of the family in the ' RotuH Hundredorum ' — Little Bourton and
its church — Simon Danvers, son of Robert, of Bourton and Ipswell
— John, son of Simon, and his wife Isabel de La Lee — Village,
church, and manor house of IpsweU 46


A.D. 1347—1450.


John Danvers of Ipswell — The Black Death — Eichard Danvers of
Ipswell and Colthorpe — The Brancestre family — Banbury and its
chvirch and castle— Colthorpe House — John Danvers of Colthorpe,
Ipswell, and Prestcote — John Danvers in the Parhaments of a.d.
1420, 1421, 1423 — John Danvers and AU Souls' College — His wives
Ahce Verney and Joan Bruley 81


A.D. 1400—1504.

Sir Robert Danvers, Recorder of London and Justice of the Comnaon
Pleas — Parliamentary life — Foundation of All Souls' College,
Oxford — Jack Cade's insurrection — Purchase by Sir Robert of
manors of Sulgrave and Culworth — His wives and children-
Richard Danvers of Prestcote — Parhamentary hfe — Comptroller of
Customs — Purchase of manors of Culworth and Sulgrave from his
brother's heirs — His wife Ehzabeth Langston — The Langston
family of Caversfield — Prestcote — Cropredy chm-ch and vUlage —
Richard Danvers, the j-ounger, of Prestcote — His sisters' marriages
— The Englefield and Dale families— John, brother of the elder
Richard Danvers — Agnes, his sister — Her husbands : Baidington,
Fraye, Wenlock, and Say — Agnes Say's portrait in Long Melford
Church— The Clopton family 102


A.D. 1420—1520.

Children of John Danvers and Joan Bruley — Sir Thomas Danvers of
Waterstock — The Parliaments in which he sat — Associated with
Bishop Waynflete in preparations for foundation of Magdalen
College — Waterstock Chiu-ch and manor house — Richard Croke —
Dame Sybil, wife of Thomas Danvers — Her will — The Fowler
family — Sir WiUiam Danvers of Chamberhouse — His wife, Anne
Pury — The Pury family — John Danvers of Waterstock and his
children — Henry Danvers and his wife, Beatrice Verney — His
sisters, Bona Pole and Ehzabeth Poure. 155


Ancestry of Alice Verney and Joan Bruley.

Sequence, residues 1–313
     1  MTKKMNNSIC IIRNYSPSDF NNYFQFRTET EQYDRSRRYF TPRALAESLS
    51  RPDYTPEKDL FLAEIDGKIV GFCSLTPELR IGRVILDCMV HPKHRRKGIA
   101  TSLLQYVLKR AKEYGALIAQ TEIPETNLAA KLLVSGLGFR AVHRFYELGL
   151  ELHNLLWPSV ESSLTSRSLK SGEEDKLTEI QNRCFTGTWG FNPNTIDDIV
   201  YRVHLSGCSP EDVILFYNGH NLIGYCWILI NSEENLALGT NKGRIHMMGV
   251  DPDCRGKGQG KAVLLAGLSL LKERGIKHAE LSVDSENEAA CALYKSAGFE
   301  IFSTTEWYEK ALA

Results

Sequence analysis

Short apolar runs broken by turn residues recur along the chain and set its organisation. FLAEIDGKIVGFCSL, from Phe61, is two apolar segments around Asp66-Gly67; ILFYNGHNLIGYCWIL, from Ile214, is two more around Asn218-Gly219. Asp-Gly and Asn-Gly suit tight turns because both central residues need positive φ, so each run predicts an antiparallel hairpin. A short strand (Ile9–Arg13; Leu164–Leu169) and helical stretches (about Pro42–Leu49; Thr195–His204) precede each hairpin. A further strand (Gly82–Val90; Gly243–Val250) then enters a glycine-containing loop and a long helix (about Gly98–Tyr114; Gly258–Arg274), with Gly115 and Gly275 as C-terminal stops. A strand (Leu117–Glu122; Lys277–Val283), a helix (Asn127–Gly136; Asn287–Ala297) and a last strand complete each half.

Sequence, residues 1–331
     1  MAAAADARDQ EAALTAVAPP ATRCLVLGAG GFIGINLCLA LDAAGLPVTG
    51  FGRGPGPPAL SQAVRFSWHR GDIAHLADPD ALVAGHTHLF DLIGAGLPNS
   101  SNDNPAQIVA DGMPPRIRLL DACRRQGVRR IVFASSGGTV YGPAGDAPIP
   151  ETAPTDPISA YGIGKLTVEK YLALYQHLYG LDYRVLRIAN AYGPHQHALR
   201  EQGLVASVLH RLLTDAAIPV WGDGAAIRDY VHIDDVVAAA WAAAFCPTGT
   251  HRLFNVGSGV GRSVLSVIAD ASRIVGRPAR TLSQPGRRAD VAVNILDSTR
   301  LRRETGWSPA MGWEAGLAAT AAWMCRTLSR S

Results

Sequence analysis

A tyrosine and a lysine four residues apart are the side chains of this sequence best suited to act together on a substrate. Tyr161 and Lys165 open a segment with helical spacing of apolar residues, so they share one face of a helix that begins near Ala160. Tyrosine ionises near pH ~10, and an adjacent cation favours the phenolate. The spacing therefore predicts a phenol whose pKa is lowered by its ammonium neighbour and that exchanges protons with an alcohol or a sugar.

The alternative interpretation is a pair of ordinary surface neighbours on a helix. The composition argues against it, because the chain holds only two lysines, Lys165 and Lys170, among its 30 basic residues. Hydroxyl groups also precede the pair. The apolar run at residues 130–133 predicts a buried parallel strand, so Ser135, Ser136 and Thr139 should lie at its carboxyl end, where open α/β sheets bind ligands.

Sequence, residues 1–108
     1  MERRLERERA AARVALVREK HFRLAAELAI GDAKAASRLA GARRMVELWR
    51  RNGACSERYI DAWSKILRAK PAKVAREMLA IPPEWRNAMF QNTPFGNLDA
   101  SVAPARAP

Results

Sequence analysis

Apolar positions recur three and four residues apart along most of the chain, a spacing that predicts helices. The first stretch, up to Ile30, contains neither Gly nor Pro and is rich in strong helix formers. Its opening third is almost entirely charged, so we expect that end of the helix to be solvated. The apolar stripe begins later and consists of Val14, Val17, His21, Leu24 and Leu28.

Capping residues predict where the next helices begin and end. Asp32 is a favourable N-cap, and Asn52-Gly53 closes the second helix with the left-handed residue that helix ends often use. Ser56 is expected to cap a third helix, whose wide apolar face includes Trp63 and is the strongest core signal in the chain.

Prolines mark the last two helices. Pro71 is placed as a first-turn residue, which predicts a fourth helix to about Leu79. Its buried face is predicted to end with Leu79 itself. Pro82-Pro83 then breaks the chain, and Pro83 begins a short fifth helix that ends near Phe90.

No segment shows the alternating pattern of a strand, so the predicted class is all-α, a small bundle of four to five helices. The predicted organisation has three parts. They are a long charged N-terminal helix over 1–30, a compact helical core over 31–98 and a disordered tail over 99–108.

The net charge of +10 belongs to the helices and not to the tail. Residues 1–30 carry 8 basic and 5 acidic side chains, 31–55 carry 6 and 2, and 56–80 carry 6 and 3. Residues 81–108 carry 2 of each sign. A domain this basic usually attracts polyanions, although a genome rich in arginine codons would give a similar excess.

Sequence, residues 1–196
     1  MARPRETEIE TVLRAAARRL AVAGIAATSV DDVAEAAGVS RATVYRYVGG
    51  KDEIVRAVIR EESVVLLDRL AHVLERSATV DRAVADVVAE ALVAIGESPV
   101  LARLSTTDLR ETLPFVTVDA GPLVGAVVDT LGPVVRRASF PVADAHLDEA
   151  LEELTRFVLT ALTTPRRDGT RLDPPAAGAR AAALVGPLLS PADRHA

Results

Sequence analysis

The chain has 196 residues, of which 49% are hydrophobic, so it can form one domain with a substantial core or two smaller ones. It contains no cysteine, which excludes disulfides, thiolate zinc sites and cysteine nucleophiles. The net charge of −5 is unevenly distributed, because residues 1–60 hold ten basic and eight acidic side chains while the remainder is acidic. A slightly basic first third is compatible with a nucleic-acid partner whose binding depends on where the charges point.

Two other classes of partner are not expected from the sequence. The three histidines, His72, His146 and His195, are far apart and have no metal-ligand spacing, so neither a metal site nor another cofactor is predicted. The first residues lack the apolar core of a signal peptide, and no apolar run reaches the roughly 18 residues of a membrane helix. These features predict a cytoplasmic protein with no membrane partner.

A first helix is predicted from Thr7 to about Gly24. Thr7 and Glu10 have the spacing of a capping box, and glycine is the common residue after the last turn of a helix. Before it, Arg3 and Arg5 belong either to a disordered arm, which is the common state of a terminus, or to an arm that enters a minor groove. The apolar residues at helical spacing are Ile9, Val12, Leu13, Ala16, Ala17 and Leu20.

The Verneys of Byfield — Simon Verney of Byfield of a.d. 1230 —
Descent of WUliam Verney from the de Langelees of Whychwood
— The Verneys of Byfield and Warwickshire — Joan Bruley and
her ancestry — Descent from the Fitz-EUis's of Waterperry, the


Eussells of Bradenstoke, and the Quatermayns of Northweston —
The Quatermayn family of Northweston and Rycote — Tombs of
the family in Thame Church — Rycote Chinrch — The Foliots of
Waterstock — The Bruleys of Waterstock — Rectors and patrons of
Waterstock Chxirch 194


A.D. 1490—17 21.

Danvers of Dauntsey — Dauntseys of Dauntsey — Family of I'Esterling
or Stradling — Arundel descent of the Stradling family — Colshill
family — Abduction of Edward Stradling by Richard Pole — Story
of the murder of Edward Stradling and his mother — Richard Pole,
was he the husband of Margaret Plantagenet ? — Robert Fitz-
hamon's conquest of Glamorgan — Descent of the Stradling family
— The village and church of Dauntsey — Monuments of the Danvers
family — Legend of St. Fredismunde — Rectors of Dauntsey — Sir
John Danvers and his wife, Dame Anne — Their wills — Marriages
of their children — Thomas Danvers and his son, Silvester of
Daimtsey — Sir John Danvers and his wife, Elizabeth Nevill —
Their children — Marriages of their daughters — Sir Charles Danvers
— His execution — Sir Henry Danvers, Earl of Danby — The story
of the death of Henry Long — Sir John Danvers, the regicide —
His children — John Danvers of Prestcote 227


A.D. 1500-1644.

William Danvers of Culworth and his wife, Elizabeth Fiennes —
The Culworth estate — Table of descent of Elizabeth Fiennes from
the families of Fiennes and de Say — Relationship of the Fiennes

Online LibraryFrancis Nottidge MacnamaraMemorials of the Danvers family (of Dauntsey and Culworth): their ancestors and descendants from the conquest till the termination of the eighteenth century; with some account of the alliances of the → online text (page 1 of 56)